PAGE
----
Of Black Swans and Intellectual Fallacies


Nassim Nicholas Taleb in conversation with David McWilliams 


By Jules Evans, Official ZEE Jaipur Literature Festival 2017 Blogger


There is a worldwide rebellion against the incompetence of experts, according to Nassim Nicholas Taleb, polymath author of Black Swan and Anti-Fragile.

‘People are fed up with serial incompetence’, said Taleb at the ZEE Jaipur Literary Festival. ‘There is a rebellion against the expert problem.’

He suggested that Brexit – the recent vote by the UK to leave the European Union – was a wise reaction to the over-centralized bureaucracy of the EU. ‘The bureaucrats there try to manage how many times your windscreen wiper moves up and down in a minute, yet they can’t even control borders.’

Nassim Taleb has previously suggested the EU is ‘doomed to fail’.  His latest comments will be music to the ears of Brexiters in the UK such as Michael Gove, former Justice Minister, who declared in the Brexit campaign that ‘people are tired of experts’.

The head of the Brexit campaign, Dominic Cummings, has also written that the EU is ‘programmed to fail’. He thinks the UK needs root-and-branch reform of the civil service, to make government quicker to respond to errors.

Taleb said he first saw signs of the ‘rebellion against experts’ in India: ‘The newspapers here were full of a rejection of pseudo-intellectuals and the pseudo-left.’

He noted that states have grown in size over the last century in many countries, with the proportion of GDP that comes from the state growing by five times in the US over the last century, and by ten times in France. ‘That means more civil servants, who don’t have ‘skin in the game’. A system with these properties will collapse.’

Taleb thinks that systems fail when they are run by people who don’t have ‘skin in the game’, meaning they are not punished for their failures. He gives the example of Robert Rubin, former secretary of the US Treasury and a senior advisor to Citigroup: ‘He received $110 million in bonuses from Citigroup over 10 years. When Citi went bust, he didn’t return the bonuses.’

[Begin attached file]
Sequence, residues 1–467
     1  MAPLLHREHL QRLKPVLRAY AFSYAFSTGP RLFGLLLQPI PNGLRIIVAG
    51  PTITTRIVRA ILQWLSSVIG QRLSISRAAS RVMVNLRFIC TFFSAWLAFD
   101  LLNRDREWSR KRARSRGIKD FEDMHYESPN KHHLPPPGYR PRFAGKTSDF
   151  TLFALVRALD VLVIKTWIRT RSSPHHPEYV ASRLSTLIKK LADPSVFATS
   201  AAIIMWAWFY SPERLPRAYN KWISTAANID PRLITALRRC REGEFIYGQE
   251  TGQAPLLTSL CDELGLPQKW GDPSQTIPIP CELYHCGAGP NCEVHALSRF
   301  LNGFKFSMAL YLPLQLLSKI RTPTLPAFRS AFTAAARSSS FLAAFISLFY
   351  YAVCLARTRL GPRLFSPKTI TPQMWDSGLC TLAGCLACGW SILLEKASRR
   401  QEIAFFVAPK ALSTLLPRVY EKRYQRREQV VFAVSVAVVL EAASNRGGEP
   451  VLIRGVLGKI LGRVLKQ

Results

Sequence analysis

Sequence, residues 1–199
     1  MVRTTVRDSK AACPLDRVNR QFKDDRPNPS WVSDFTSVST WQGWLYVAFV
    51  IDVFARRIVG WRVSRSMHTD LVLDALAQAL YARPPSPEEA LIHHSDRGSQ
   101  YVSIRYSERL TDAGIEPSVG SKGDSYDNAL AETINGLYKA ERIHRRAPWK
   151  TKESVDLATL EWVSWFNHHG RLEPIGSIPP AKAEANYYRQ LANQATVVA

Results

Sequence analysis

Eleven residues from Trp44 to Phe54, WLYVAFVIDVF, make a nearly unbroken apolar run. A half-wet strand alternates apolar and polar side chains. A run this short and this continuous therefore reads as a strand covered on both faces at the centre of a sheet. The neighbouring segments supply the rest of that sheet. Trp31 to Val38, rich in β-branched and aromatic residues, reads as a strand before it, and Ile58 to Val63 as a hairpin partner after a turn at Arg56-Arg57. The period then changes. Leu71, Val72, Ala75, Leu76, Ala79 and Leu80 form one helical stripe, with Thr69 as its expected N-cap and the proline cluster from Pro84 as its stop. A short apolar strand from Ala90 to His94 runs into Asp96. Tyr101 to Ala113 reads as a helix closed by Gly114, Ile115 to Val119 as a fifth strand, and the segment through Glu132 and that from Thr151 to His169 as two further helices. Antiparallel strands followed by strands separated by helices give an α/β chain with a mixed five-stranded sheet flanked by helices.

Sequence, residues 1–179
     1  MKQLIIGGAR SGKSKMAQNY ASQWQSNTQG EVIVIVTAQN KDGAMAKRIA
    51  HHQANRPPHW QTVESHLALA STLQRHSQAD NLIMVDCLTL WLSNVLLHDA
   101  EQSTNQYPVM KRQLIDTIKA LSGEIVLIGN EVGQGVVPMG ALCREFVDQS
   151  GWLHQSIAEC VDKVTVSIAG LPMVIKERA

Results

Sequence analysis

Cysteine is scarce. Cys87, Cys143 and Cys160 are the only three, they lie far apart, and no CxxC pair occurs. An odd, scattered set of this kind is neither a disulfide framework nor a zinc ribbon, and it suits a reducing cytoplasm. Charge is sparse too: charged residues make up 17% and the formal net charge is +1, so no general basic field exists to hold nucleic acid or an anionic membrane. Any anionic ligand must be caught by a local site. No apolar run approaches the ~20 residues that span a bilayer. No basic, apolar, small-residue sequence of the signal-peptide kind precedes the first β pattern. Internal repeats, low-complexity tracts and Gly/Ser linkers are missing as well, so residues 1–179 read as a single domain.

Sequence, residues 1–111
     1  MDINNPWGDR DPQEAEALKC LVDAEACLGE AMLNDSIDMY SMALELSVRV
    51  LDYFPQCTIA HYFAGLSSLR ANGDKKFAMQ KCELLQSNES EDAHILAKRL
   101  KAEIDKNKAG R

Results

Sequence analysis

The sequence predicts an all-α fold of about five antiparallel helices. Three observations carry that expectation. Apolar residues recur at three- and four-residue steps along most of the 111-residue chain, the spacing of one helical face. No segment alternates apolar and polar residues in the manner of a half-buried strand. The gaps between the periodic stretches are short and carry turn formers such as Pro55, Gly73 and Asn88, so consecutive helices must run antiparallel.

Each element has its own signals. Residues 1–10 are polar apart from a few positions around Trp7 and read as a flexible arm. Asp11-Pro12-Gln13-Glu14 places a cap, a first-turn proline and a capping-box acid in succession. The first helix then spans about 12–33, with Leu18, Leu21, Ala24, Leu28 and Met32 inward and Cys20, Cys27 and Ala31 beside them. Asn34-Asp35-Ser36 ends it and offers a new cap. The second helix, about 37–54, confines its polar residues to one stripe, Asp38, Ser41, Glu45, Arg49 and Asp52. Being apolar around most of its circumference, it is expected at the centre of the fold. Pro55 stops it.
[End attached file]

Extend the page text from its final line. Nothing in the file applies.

How did the Roman Empire manage to survive so long, despite being a huge, international organization? ‘They understood skin in the game. They left city-states to run their own affairs, and just asked for 10% of revenues. If an architect built a bridge in ancient Rome, they were expected to sleep under it, with their families, so if it collapsed they were killed. That’s skin in the game.’ He’s also a fan of Greco-Roman value systems, like Stoicism. ‘We need to put classical values like honour back into the system.’

Taleb was particularly scathing about Davos, the annual meeting of experts at the World Economic Forum. ‘I was invited once and I made sure they never invited me again. I called them the International Association of Namedroppers. They think it’s their mission to solve a problem they don’t understand. They use buzzwords and destroy language. If someone is opposed to them, they’re a ‘populist’.’

His diatribe against experts and intellectuals drew a surprisingly warm response from the audience. ‘Larry Summers, Paul Krugman, Joseph Stigtliz [all famous economists] – people like this think they’re intelligent but they’re not. They cause more crises than they solve. The real expert is a dentist, a plumber, a rickshaw driver.’


Photo Credit: Rajendra Kapoor



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